Martin Van Buren's primary accomplishment was serving as the eighth president of the United States from 1837 to 1841. Van Buren previously served as vice president and secretary of state.Continue Reading
Before being elected president, Martin Van Buren was President Andrew Jackson's secretary of state. As such, he was in charge of overseeing the United States' foreign affairs and later became United States minister to England. He served as vice president during Jackson's second term in office.
Van Buren won the presidential election of 1836. From 1837 to 1842, however, the United States fell into its worst depression in history. Hundreds of banks and businesses failed, and thousands lost their land.
Van Buren believed that the downturn in the economy was due to reckless business practices and the over-expansion of credit. He also believed in a limited federal government and fought for the establishment of an independent treasury system to handle government transactions, which Congress authorized in 1840. He opposed not only creating a new bank of the United States, but also placing government funds in state banks.
Because Van Buren opposed the expansion of slave territory, he blocked the annexation of Texas. He believed doing so would also prevent the United States from going to war with Mexico. His main foreign policy concern was the dispute between the United States and Great Britain over control of the border between the United States and Canada. Van Buren worked to keep peace in the region with diplomacy rather than force.Learn more about US History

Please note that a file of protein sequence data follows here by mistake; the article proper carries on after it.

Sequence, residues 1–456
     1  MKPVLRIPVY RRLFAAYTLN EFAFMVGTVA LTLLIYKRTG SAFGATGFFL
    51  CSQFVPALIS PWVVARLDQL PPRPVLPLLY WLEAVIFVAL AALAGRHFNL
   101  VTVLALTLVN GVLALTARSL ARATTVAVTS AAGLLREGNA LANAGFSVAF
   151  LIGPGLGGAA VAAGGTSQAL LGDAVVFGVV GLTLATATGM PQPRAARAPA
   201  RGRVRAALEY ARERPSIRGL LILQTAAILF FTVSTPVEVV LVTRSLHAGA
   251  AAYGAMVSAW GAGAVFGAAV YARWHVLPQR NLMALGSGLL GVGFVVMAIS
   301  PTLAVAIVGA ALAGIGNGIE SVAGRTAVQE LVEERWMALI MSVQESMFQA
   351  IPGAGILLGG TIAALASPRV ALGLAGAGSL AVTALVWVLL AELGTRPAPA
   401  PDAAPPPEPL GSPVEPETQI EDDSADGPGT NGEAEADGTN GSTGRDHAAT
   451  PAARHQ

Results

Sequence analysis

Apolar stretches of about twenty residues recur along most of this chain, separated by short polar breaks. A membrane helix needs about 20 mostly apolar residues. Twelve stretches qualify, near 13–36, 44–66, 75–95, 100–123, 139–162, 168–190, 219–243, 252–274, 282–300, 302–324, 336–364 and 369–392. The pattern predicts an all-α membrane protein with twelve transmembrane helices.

Franklin D. Roosevelt was the 32nd president of the United States. Roosevelt served as president from Mar. 4, 1933, to April 12, 1945. Prior to becoming president, he was a governor and senator in the state of New York.Full Answer >
George Washington became famous during the Revolutionary War as the commander-in-chief of the Continental Army, and afterward his fame increased as he served two terms as the first president of the United States. Now known as the "father of his country," Washington's face appears on the $1 bill and the quarter, and the nation's capital city and many schools and other institutions are named after him.Full Answer >
The National Industrial Recovery Act allowed the president of the United States at the time, Franklin D. Roosevelt, to regulate industry in an attempt to alleviate the financial effects of the Great Depression and stimulate economic growth. Its secondary purpose was the establishment of the U.S. Public Works Administration.Full Answer >
The judicial powers of the president of the United States are the power to pardon and grant reprieves, the power to appoint federal judges and the power to appoint justices to the Supreme Court. The power to appoint judges and justices is limited in that those appointments must be approved by Congress. Conversely, the power to pardon and grant reprieves is quite broad.Full Answer >